You won’t be moved to smile by The Quarry. You will be moved, though.
All told, this is a beautiful, if dispensable film for any time. It’s got a universal appeal with a simple story that works for purposes of a positive message in a desert world.
Greenland is the kind of film that straddles the line between disaster movie and armchair psychology about those trying to survive it at all costs.
Come Play is another debut by a director who turns a successful short into something hopefully better with studio support. The results are mixed, but overall this is the kind of film one shows their kids if unsure whether or not they’re really ready for a scary movie.
If you want something to watch as it turns dusk, you could do worse. From dusk till dawn, though, you should try for something with more than chills.
Overall, this is an effectively creepy story that is more contained than his other stories of horror breaking out everywhere. The explanations behind it all are interesting enough. The gore is grotesque enough. Still, it’s only slightly better than an average film.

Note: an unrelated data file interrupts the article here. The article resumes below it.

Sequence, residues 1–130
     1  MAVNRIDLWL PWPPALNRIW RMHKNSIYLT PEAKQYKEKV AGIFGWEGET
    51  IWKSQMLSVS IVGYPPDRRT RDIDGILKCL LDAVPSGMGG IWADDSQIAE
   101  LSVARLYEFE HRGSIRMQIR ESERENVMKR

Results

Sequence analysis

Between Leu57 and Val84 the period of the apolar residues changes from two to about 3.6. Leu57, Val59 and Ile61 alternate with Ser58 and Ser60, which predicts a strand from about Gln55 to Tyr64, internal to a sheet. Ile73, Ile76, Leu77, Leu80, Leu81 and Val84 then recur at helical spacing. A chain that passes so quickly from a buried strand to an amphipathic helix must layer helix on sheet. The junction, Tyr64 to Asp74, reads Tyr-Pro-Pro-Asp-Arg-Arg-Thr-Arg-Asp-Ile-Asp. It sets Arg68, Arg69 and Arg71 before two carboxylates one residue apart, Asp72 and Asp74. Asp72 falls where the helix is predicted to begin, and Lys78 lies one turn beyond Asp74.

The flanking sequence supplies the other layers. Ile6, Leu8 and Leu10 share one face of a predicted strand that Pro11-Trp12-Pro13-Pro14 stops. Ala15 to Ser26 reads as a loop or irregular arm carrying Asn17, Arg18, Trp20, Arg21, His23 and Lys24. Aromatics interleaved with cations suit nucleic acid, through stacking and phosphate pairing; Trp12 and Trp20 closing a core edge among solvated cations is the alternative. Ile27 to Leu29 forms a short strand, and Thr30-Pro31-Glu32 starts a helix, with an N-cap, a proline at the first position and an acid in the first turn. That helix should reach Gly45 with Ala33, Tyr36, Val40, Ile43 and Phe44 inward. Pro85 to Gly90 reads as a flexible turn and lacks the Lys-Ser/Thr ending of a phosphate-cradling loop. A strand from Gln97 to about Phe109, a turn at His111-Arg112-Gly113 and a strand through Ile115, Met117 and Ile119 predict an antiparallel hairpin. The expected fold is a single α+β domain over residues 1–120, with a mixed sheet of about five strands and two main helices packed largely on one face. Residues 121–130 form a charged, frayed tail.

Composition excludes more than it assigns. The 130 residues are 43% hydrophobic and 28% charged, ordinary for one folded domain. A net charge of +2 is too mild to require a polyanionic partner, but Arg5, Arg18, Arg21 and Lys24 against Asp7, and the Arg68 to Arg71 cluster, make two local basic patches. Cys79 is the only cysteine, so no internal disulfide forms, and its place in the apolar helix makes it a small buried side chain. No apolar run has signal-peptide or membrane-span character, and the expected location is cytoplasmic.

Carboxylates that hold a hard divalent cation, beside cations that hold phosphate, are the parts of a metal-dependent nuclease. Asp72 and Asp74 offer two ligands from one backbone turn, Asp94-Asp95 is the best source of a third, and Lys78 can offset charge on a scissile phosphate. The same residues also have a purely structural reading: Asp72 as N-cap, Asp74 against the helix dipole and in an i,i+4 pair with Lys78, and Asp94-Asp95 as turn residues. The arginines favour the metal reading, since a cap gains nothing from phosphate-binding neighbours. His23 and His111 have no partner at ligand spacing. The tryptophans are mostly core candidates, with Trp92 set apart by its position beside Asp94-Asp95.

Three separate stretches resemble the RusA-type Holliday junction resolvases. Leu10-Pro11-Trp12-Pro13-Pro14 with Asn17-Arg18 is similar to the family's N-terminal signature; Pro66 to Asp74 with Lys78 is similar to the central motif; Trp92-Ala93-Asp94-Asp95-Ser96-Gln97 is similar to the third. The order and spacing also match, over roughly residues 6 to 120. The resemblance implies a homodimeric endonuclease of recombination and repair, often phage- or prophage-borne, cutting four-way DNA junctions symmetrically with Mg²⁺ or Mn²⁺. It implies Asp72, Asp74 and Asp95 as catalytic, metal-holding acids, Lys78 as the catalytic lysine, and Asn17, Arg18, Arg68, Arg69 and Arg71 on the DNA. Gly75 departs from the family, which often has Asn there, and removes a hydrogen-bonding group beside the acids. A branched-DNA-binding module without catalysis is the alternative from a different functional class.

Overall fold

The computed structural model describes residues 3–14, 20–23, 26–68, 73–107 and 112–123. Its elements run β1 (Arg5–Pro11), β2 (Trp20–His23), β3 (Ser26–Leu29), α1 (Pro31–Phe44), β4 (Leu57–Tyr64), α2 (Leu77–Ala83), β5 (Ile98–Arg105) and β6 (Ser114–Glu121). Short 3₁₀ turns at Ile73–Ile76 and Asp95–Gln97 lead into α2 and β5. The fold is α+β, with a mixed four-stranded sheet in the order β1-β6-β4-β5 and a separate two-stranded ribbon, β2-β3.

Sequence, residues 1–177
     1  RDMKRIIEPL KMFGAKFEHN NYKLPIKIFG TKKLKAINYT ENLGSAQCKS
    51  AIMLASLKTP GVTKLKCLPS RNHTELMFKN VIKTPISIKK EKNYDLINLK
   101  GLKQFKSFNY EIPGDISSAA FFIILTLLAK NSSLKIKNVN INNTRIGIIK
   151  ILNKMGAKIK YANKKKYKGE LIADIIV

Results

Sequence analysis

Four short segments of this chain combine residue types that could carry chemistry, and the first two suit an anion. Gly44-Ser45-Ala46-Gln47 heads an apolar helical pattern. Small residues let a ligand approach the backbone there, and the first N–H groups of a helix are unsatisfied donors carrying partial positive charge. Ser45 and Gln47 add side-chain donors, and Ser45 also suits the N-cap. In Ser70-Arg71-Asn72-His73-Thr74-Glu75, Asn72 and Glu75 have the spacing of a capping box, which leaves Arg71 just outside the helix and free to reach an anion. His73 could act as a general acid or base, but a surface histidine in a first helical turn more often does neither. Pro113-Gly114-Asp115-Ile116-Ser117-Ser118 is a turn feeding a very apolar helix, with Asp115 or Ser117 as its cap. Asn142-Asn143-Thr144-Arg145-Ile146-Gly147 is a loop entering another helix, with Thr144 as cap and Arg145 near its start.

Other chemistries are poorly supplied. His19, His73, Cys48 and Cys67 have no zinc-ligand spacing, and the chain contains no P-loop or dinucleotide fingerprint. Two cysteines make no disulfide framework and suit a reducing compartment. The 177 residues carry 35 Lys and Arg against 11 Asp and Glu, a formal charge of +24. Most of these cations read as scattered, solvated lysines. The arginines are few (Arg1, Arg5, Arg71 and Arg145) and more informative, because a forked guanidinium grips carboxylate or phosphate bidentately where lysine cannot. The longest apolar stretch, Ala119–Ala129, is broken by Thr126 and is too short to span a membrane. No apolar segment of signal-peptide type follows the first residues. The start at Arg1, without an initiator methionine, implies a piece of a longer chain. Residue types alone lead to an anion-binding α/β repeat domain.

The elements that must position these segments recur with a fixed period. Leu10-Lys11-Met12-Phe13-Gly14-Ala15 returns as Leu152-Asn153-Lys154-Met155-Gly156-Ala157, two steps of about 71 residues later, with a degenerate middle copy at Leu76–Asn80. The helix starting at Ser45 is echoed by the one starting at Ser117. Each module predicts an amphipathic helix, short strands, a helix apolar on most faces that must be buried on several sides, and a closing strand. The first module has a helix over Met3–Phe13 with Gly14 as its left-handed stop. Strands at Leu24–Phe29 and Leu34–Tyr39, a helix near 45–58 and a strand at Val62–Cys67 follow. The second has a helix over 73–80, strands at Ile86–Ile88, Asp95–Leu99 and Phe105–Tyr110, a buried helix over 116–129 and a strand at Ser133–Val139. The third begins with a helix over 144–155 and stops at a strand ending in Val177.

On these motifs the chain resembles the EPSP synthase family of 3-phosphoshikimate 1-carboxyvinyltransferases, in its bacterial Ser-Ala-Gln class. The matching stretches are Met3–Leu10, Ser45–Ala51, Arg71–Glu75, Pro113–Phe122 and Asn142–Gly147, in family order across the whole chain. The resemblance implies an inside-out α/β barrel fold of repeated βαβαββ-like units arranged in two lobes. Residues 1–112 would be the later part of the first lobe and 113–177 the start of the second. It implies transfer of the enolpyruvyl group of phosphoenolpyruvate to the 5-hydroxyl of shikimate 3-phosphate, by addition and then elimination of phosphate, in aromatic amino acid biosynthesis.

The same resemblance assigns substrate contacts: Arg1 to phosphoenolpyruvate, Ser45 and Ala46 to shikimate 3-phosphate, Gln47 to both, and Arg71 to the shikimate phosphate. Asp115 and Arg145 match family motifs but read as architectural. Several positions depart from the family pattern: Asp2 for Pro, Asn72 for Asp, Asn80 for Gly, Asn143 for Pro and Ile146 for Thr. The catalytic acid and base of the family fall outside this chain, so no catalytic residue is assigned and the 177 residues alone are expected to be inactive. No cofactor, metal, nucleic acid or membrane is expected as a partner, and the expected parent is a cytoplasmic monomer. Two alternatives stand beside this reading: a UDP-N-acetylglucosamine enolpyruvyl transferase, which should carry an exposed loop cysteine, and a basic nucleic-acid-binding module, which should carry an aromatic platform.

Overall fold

If you want to see the state of low to mid-budget horror in the late 70’s, this is as good a place as any to start.
As it stands, there is no one that can take it’s cult status away. This will forever be a history making cinematic effort, even if it is almost as annoying as it is scary.
This film made impression enough on me that I started following Oldman, there and then, and I have never regretted it.
It’s all competent, but it could have been great.
If you find a way to get into the groove of this film and wend your way through the cheese, it will reward you with some very nice moments.
It’s hard to forgive a director of Altman’s skill the fact that he never comes close to having us fooled.
The best thing about the Never Hike… series is the way it takes its time getting to actual kills. It has confidence and is in no hurry.
If you want to see a film on par with The Hitcher, but well under the capability of Michael Douglas in Falling Down, you could do worse. I think I will watch Falling Down again.
It would be nice to see what DiBlasi could do with a smarter script.
I appreciate these films more now in hindsight than I ever could when I was younger. With less time to waste, this trilogy finally feels like less a waste of my precious hours.